Meta Settles With US Department of Justice Over Discriminatory Advertising Allegations

By Zachary Stieber
Zachary Stieber
Zachary Stieber
Reporter
Zachary Stieber covers U.S. and world news. He is based in Maryland.
June 21, 2022 Updated: June 21, 2022

Facebook’s parent company Meta and the U.S. Department of Justice (DOJ) have agreed to a settlement over allegations the company engaged in discriminatory advertising.

Facebook discriminated by offering advertisers an algorithm that enabled advertisers to target ads to users based on their looks, sex, religion, and interests, according to a federal lawsuit.

That violated the Fair Housing Act when it was used by advertisements for housing, according to the DOJ.

Under the proposed settlement (pdf), announced on June 21, Meta will stop using the advertising tool that relies on the algorithm and develop a replacement tool.

The new tool must “address disparities for race, ethnicity and sex between advertisers’ targeted audiences and the group of Facebook users to whom Facebook’s personalization algorithms actually deliver the ads,” the DOJ said in a statement.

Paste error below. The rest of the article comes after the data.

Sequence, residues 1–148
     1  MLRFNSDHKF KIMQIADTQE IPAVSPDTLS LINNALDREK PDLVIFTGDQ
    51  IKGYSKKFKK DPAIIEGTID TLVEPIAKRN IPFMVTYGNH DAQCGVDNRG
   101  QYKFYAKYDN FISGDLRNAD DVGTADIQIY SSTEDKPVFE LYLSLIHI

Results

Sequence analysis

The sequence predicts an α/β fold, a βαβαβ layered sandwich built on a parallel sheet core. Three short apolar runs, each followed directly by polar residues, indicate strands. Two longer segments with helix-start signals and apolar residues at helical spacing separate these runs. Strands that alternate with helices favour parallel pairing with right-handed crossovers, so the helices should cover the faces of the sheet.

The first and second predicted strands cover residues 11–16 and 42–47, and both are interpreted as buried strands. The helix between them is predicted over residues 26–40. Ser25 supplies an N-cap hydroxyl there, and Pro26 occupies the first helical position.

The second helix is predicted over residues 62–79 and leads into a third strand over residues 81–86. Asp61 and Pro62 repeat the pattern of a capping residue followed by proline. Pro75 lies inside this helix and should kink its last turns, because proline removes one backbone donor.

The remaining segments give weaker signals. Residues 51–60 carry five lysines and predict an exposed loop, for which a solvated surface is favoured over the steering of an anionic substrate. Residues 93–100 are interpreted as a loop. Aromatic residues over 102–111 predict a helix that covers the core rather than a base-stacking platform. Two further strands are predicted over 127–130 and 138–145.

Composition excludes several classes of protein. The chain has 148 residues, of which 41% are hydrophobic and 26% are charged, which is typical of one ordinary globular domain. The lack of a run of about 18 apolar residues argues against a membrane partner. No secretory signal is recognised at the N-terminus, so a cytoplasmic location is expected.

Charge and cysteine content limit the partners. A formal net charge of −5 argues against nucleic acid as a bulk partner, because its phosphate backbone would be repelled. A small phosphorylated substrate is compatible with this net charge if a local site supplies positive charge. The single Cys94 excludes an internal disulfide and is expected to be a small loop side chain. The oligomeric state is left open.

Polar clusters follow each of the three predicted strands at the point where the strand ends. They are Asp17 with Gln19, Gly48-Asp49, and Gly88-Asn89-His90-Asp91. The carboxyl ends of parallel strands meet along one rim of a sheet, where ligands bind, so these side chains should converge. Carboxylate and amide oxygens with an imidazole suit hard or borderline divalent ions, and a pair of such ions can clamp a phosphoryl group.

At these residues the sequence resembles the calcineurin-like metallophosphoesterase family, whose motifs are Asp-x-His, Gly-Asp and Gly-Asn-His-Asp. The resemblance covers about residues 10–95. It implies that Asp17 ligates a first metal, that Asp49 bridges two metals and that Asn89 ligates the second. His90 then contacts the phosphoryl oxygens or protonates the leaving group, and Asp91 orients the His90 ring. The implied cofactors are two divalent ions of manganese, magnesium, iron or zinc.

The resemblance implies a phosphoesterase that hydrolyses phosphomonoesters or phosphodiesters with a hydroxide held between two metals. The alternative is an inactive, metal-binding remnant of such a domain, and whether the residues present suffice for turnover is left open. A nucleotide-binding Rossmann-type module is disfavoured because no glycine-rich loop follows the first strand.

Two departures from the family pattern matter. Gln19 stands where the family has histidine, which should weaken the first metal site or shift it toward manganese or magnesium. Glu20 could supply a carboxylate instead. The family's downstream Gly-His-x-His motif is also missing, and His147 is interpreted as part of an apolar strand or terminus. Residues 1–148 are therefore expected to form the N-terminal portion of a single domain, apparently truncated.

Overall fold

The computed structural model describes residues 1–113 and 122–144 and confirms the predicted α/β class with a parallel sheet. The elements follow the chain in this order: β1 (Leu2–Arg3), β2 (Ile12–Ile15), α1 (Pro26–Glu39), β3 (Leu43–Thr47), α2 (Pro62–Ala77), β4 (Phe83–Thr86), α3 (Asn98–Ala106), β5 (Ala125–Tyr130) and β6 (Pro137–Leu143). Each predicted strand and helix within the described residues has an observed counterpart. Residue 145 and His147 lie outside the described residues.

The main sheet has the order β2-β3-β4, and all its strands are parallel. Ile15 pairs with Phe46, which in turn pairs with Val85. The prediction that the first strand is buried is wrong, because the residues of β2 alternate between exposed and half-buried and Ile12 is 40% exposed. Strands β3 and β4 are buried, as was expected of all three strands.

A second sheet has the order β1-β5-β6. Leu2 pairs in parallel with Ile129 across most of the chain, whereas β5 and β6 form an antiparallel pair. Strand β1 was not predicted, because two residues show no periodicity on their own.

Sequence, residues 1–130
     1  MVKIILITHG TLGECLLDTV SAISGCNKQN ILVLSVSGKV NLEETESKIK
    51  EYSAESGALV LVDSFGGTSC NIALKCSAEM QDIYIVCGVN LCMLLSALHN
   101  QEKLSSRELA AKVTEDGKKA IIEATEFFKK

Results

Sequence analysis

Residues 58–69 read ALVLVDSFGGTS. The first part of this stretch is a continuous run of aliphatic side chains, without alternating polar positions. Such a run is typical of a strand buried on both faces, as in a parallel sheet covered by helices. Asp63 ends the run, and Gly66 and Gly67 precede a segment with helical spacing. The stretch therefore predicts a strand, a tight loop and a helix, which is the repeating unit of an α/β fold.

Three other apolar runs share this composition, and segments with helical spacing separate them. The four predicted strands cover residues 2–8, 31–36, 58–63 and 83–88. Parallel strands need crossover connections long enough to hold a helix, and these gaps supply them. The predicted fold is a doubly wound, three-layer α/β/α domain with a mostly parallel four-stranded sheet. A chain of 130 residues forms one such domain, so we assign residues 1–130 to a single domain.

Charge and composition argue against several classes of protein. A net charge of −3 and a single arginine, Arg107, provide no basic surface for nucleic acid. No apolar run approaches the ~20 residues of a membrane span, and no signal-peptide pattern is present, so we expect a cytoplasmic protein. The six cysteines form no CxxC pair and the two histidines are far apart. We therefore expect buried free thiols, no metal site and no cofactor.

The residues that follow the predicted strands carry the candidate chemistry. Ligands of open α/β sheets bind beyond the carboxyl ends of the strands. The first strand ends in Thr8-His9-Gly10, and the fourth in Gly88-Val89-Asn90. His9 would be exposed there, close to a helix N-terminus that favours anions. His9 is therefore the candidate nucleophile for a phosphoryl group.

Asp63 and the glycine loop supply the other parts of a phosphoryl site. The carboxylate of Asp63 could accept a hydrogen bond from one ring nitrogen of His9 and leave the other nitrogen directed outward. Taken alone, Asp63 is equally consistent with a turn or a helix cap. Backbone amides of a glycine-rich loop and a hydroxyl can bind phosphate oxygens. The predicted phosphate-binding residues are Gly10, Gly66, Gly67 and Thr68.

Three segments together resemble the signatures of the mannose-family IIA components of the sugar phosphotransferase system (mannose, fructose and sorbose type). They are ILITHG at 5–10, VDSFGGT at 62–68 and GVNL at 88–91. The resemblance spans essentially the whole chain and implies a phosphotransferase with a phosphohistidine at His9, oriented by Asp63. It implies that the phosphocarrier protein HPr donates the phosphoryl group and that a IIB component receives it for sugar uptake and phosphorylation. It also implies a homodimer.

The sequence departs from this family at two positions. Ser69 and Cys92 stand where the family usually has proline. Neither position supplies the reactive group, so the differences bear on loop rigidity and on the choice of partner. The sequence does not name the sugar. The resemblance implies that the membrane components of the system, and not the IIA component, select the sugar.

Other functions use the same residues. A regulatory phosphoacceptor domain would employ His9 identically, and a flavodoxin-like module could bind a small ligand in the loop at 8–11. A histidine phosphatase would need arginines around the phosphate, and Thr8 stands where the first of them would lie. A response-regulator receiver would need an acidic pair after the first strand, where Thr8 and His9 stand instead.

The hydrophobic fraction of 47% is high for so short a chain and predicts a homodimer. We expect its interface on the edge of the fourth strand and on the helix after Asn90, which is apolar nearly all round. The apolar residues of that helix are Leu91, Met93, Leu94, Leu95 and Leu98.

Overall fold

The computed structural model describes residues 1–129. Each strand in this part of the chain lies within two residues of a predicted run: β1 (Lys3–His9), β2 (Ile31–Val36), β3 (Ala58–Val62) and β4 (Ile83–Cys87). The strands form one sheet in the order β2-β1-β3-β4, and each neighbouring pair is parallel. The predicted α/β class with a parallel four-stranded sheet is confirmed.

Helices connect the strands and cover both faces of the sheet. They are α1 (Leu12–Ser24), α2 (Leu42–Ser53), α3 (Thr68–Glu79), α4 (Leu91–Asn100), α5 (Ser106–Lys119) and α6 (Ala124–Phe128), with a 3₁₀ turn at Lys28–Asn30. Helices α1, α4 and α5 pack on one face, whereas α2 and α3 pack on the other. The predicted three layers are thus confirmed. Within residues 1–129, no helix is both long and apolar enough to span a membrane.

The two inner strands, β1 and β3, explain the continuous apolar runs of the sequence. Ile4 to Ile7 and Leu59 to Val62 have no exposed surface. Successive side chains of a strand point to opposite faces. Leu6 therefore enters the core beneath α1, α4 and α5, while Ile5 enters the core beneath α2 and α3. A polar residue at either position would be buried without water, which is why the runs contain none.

If the U.S. government clears the replacement, it must be fully implemented by Dec. 31.

Meta has also agreed to pay $115,054, the maximum penalty that can be assessed under the housing act.

“This settlement is historic, marking the first time that Meta has agreed to terminate one of its algorithmic targeting tools and modify its delivery algorithms for housing ads in response to a civil rights lawsuit. The Justice Department is committed to holding Meta and other technology companies accountable when they abuse algorithms in ways that unlawfully harm marginalized communities,” Kristen Clark, an assistant attorney general, said in a statement.

“Because of this ground-breaking lawsuit, Meta will—for the first time—change its ad delivery system to address algorithmic discrimination. But if Meta fails to demonstrate that it has sufficiently changed its delivery system to guard against algorithmic bias, this office will proceed with the litigation,” added Damian Williams, the U.S. attorney for the Southern District of New York.

The settlement must be approved by a court to take effect.

Meta officials said the settlement came after more than a year of working with the Department of Housing and Urban Development “to develop a novel use of machine learning technology that will work to ensure the age, gender and estimated race or ethnicity of a housing ad’s overall audience matches the age, gender, and estimated race or ethnicity mix of the population eligible to see that ad.”

The company said the change was being made in part to address criticism from civil rights groups and other outside parties.

“Discrimination in housing, employment and credit is a deep-rooted problem with a long history in the US, and we are committed to broadening opportunities for marginalized communities in these spaces and others,” Roy Austin, vice president of civil rights at Meta, said in a statement.

Zachary Stieber
Zachary Stieber covers U.S. and world news. He is based in Maryland.